Take for instance an enterprise app our design-thinking studio – W12 – helped update for a logistics company. They spent days on the road with lorry drivers, shadowing their daily routines to get an understanding of why the app wasn’t being used. 

They found that the nature of the drivers’ duties often made it difficult or dangerous to use the app. But their employers didn’t know that; there was a process that drivers were expected to follow and then there was the reality of trying to follow that process. 

Finding a solution to the company’s problem became possible only because a design team had gone out and spent time getting to know the drivers and their activities. This sort of observational research is part and parcel of the process that gives designers the understanding necessary to create better products. 

The process may also include interviews with individuals in a target community, and analysis of business or personal data, particularly when putting together a digital retail product. And while it requires diligent documenting and analysis, research needn’t be exhaustive or costly; you’d be surprised how much insight can be gained from studying just 10 people for a week. 

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Making insights pay

Design thinking makes perfect business sense. Careful research reduces the time-to-market of new products and makes them more likely to succeed because they’ve been designed to be relevant to customer needs. In our view, relevance equals return.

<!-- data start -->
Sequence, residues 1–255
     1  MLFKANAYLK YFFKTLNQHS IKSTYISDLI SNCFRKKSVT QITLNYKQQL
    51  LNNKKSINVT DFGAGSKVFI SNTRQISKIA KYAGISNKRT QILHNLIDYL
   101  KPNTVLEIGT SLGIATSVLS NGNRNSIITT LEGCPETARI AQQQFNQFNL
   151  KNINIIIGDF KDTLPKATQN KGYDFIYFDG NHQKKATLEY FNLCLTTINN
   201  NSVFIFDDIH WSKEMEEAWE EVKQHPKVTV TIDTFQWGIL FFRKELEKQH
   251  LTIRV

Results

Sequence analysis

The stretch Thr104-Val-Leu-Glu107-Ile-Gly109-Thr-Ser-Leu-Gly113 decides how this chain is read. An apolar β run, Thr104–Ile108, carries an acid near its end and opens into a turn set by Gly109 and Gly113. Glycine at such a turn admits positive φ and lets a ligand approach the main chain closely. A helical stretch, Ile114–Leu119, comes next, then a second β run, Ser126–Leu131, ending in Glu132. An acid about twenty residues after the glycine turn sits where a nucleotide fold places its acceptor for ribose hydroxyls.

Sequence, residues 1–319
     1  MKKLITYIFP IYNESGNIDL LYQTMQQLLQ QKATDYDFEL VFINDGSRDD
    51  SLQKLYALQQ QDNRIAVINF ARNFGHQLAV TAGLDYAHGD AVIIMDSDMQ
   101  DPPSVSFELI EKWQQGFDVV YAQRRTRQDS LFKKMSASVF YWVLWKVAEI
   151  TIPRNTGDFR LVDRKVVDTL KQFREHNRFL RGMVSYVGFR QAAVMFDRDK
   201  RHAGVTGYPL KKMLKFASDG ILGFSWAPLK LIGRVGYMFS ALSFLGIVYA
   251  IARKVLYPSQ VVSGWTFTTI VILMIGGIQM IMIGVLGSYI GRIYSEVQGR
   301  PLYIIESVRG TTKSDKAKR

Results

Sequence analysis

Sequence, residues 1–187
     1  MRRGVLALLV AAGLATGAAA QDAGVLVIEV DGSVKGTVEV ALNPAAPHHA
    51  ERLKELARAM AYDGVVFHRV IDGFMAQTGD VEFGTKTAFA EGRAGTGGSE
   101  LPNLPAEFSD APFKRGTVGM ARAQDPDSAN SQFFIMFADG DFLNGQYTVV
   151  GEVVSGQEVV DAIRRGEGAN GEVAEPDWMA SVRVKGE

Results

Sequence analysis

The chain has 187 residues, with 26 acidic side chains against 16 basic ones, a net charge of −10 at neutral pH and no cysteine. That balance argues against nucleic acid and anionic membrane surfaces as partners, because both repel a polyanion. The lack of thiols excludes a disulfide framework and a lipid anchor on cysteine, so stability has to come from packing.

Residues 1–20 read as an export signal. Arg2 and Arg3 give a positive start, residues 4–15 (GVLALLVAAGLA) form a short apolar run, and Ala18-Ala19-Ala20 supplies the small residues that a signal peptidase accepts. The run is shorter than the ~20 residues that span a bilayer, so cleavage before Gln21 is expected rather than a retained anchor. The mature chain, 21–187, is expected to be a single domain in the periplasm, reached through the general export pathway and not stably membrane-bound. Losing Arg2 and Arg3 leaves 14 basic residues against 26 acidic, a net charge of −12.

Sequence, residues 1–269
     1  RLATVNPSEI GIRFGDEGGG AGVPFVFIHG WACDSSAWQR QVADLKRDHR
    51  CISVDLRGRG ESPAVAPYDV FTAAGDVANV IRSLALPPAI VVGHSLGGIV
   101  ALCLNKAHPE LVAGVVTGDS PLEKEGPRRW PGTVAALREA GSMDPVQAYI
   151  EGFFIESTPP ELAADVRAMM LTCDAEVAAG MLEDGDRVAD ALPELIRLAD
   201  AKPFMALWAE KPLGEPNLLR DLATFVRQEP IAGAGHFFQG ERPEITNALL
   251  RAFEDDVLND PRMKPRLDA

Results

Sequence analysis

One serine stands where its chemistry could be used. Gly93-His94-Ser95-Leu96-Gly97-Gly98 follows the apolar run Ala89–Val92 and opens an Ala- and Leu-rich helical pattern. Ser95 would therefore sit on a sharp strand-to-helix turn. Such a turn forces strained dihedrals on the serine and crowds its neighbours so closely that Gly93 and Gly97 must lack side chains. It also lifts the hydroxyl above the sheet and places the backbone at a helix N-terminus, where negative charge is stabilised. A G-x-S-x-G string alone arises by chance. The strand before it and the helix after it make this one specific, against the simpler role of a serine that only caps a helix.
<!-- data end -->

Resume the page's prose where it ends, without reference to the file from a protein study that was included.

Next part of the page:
But having those rich customer insights is pointless if you can’t incorporate them into a product or platform. People have high expectations of technology these days – they expect their mobile banking app to work as seamlessly and effectively as their ride-hailing app. 

Good design requires an understanding of three things: the customer, the brand and the technology that will bring those insights to life. 

Uniquely, we can marry W12’s expertise in the first two areas of good design to the group’s skills in the third. We can make the fruits of our work tangible at a very early stage in a product’s evolution, enabling us to test and refine it quickly and effectively.

Design thinking is a new concept but it’s already making long-term differences to our clients. By building customer-analysis processes into their business models, we’re able to continuously harvest data on their ever-changing markets and make predictions about and respond to emerging trends immediately.

The value of the concept is revealing itself in different ways all the time. We’ll be at the BT Summit next week, for instance, explaining the benefits of applying our analytical processes to clients’ workforces. 

In the same way that understanding human needs helps to create great customer experiences, it can also improve the employee experiences. That’s a scenario that employers gain from, too, because it improves the retention of talent and their expertise, increases productivity and promotes effective advocacy for the business.

Designers have spent decades trying to create products that will make our lives richer, more prosperous and easier. They’ve been largely successful, but many good ideas have missed and many good companies have been felled because they hadn’t considered a key ingredient in their designs – the person using the products. 

Design thinking is changing that. The people are fighting back.